The superb back-and-forth builds and reaches a boiling point when Angelo makes his violent sexual advance toward Isabella, a scene that reverberates through the rest of the play. “Who will believe thee, Isabella?” taunts Angelo, “say what you can, my false o’erweighs your true.” Isabella’s asking herself, “To whom should I complain? Did I tell this, who would believe me?,” is just one of many moments when the show resonates so intensely to the contemporary audience. To be sure, URI’s production lays bare not only the personal abuse of political power, but also the consequences of reckless extension of government into people’s bedrooms and onto their bodies.
While the central moral question and looming threat of violence seem ripped right out of some of Shakespeare’s darkest tragedies, “Measure for Measure” is structured around comic conventions of the time. The production is absolutely littered with all manner of comic relief, including disguise and mistaken identity, bawdy puns and humor, as well as the theme of courtship and, of course, marriage. URI’s production executes these elements very well. Renee Surprenant’s brilliant thrust platform set design not only surrounds the actors on three sides with the audience, but frequently places the comic action on the floor, in and among the spectators. With actors addressing audience members and sitting among them, the viewer is drawn in and takes a stake in the action of the play.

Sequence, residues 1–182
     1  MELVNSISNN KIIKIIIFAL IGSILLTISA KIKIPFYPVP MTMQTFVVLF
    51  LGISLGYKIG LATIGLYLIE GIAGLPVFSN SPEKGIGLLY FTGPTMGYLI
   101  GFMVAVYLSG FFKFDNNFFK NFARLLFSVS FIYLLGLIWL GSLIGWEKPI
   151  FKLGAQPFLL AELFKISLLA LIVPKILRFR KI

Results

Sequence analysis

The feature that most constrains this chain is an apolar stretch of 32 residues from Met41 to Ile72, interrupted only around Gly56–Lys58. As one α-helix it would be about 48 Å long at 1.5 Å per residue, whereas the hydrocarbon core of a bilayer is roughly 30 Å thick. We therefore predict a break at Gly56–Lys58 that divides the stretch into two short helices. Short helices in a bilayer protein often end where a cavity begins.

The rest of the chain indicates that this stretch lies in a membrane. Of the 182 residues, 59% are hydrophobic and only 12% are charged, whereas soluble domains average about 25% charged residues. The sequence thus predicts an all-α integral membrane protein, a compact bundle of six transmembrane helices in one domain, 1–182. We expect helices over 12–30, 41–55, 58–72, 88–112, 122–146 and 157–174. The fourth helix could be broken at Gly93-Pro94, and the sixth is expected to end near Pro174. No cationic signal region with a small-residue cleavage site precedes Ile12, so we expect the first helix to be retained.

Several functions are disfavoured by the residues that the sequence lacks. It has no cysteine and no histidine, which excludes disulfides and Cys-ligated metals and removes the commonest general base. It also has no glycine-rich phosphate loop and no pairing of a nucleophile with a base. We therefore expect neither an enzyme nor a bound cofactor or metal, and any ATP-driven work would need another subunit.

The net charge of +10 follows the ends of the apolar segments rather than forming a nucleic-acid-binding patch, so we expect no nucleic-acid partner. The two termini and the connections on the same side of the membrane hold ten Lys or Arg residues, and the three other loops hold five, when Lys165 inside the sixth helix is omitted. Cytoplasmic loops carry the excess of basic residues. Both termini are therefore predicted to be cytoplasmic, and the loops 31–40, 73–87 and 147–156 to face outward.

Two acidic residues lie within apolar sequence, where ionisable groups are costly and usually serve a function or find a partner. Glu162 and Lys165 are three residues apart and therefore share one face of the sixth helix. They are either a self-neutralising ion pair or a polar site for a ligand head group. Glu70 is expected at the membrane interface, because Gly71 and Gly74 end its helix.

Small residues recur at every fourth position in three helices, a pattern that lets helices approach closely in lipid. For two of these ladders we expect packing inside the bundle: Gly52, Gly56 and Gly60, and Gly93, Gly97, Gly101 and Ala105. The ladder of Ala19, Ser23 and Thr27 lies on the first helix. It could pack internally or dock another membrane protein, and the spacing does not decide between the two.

John Thomas Cunha is an ostentatious delight, turning in a crowd-pleasing performance in the role of Lucio, a flip and flamboyant joker who is equally well known both at court and in the brothels. Cuhna gets a big laugh at the beginning of the show when he is caught in the middle of a sex act, and even bigger laughs when he repeatedly interrupts the Duke’s lengthy speech with his ribald witticisms at the end of the play. J. Edward Clarke as the pimp Pompey and Catia Ramos as the brothel madam Mistress Overdone also turn in great comic performances.
The play’s comic and tragic elements are tied together through the nimble and masterful performance of Katharine Templeton in the role of Duke Vincentio. While the gender-blind casting in this and other roles offers many insights, Templeton herself proves fluent in Shakespeare’s prose and poetry, with delightfully unpredictable pacing and often breathless delivery bouncing between heartfelt sincerity and poker-faced comic timing. Templeton‘s Duke gives a tour-de-force performance as the production’s puppet master, remaining in tight control of the action while delivering close to a third of the play’s words. The show is worth it for the final scene, an extended civic spectacle staged by the Duke where things appear to be headed in a tragic direction, only to arrive at a delightfully confounding happy ending.
Above all, URI’s production flourishes on the cast’s commanding interaction with Shakespeare’s language. What could be a quite wordy play cluttered with comic non sequiturs is brisk (just over two hours), nearly seamless and equal parts dark and funny. URI’s production is boldly theatrical, stuffed with audacious bits of comedy while confronting universal themes of justice, mercy, honesty, virtue, sex and death. The gestures to the 1970s enhance the characters and their motivations in a way that still resonates as deeply today, in the 21st Century, as when the play was first performed.